The Independent

British Rebound Gave Starbucks a Lift


Two years ago Starbucks (SBUX) had lost its way, but after the return of the group's founder, Howard Schultz, to the chief executive's chair, and a round of heavy cost-cutting measures and store closures, the ubiquitous coffee chain is back on its feet.

A blend of an overly ambitious expansion plan, too much attention paid to merchandise and the "brutal" economic crisis had put the company in trouble. But eight quarters of disappointing results later, Starbucks Wednesday reported its first rise in global like-for-like sales for two years.

In the UK, Starbucks said a strong Christmas on the high street helped like-for-like sales jump by 3.9 per cent in the three months to the end of December. In the final six weeks of the period, sales were up by 6 per cent.

Mr Schultz hailed an improving economic situation and a "leaner and stronger" Starbucks. Speaking to journalists, and without touching any of his own coffee—preferring instead to stick to mineral water—he said: "We have now come through what was a cataclysmic and brutal economic crisis to deliver a record quarter. From our point of view, continued innovation, the successful enhancement of the consumer experience and a transformed, more-efficient cost structure have brought Starbucks to a significant milestone—a return to profitable growth."

The recovery of the UK economy was stronger than he had imagined, Mr Schultz admitted. Last February he drew the ire of the Business Secretary Lord Mandelson after telling US television that he was worried about consumer confidence in Britain. "The concern for us is western Europe and specifically the UK. The UK is in a spiral," he said, prompting Lord Mandelson to ask: "Why should I have that guy running down the country? Who the f**k is he?"

The fact that he seemingly overestimated the problems in the UK economy does not worry Mr Schultz—he now reckons that 2010 will be stronger than last year, saying that consumers are more optimistic than they have been for some time. In Britain, that is true despite VAT returning to 17.5 per cent, the spectre of rising taxes and the likely end of the Bank of England's £200bn stimulus package.

But it is not just better economic fortunes in Britain and elsewhere that has helped the company.

Starbucks has closed branches in areas Mr Schultz describes as not being in a "demographic sweet spot," by which he means poorer locations. In the UK, the company has also started sourcing all its espresso coffee, which it uses in its lattes and cappuccinos, from Fairtrade. It is also launching new store formats, which it says is in response to customer feedback.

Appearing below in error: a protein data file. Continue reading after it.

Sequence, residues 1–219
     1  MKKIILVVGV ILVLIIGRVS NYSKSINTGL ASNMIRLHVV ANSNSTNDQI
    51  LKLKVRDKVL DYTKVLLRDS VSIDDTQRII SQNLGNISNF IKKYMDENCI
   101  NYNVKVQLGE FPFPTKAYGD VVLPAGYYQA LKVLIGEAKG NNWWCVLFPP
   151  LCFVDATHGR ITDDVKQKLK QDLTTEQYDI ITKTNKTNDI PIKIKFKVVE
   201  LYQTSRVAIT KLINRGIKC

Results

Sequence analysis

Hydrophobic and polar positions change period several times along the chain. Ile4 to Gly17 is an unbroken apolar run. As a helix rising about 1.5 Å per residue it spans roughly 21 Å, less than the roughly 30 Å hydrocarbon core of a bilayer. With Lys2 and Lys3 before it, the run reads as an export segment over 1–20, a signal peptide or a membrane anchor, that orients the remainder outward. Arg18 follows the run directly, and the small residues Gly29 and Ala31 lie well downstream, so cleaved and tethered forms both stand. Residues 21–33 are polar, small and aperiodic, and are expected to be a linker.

Starbucks' UK managing director Darcy Willson-Rymer adds that 30 new shops will open this year, including more in other stores. This is despite the group being forced to close a number of outlets when the book chain Borders UK collapsed at the end of last year.

The clothing chain New Look has agreed to take on five of Borders' old shops and Starbucks cafés will continue to refresh its customers, Mr Willson-Rymer confirmed yesterday.

Mr Shultz argues that that there is still plenty left to do. Easyjet (EJETF) recently began selling Starbucks' coffee to its passengers, a move that he describes as an opportunity to tap new channels of distribution. Similarly the introduction of range of instant coffee sachets and a cheaper coffee designed to lure customers back are also on their way to a café near you this year.

All froth: Starbucks backtracks on quality claim

Starbucks was yesterday forced to withdraw a claim that it has been barred from describing a new product as "instant coffee" on the insistence of the Food Standards Agency (FSA), because, the company said, it was of superior quality to alternatives in the market.

In fact, it was revealed that no discussion took place at all between the company and the FSA regarding the launch of Starbucks' Via coffee sachets, which are expected to go on sale in the UK later this year after impressive sales in the US. During a press conference, at which the chairman and chief executive, Howard Schultz, was present, Starbucks had openly claimed that it had been expressly told not to describe its new product as instant coffee because the quality of the coffee was better than other products, including brands such as Kenco and Nescafé. The claim was repeated by the company later in the day.

The FSA said that the company was free to call the product instant coffee if it wished to. "We have not spoken to Starbucks at all about this product," it said.

A press officer for Starbucks later admitted that the claim was false. "There is actually no issue with the FSA regarding Via, or its quality," he said. "Lawyers for Starbucks had advised that because Via contains both real and instant coffee, describing the product as instant coffee could be considered to be misleading."

from London, for Independent minds


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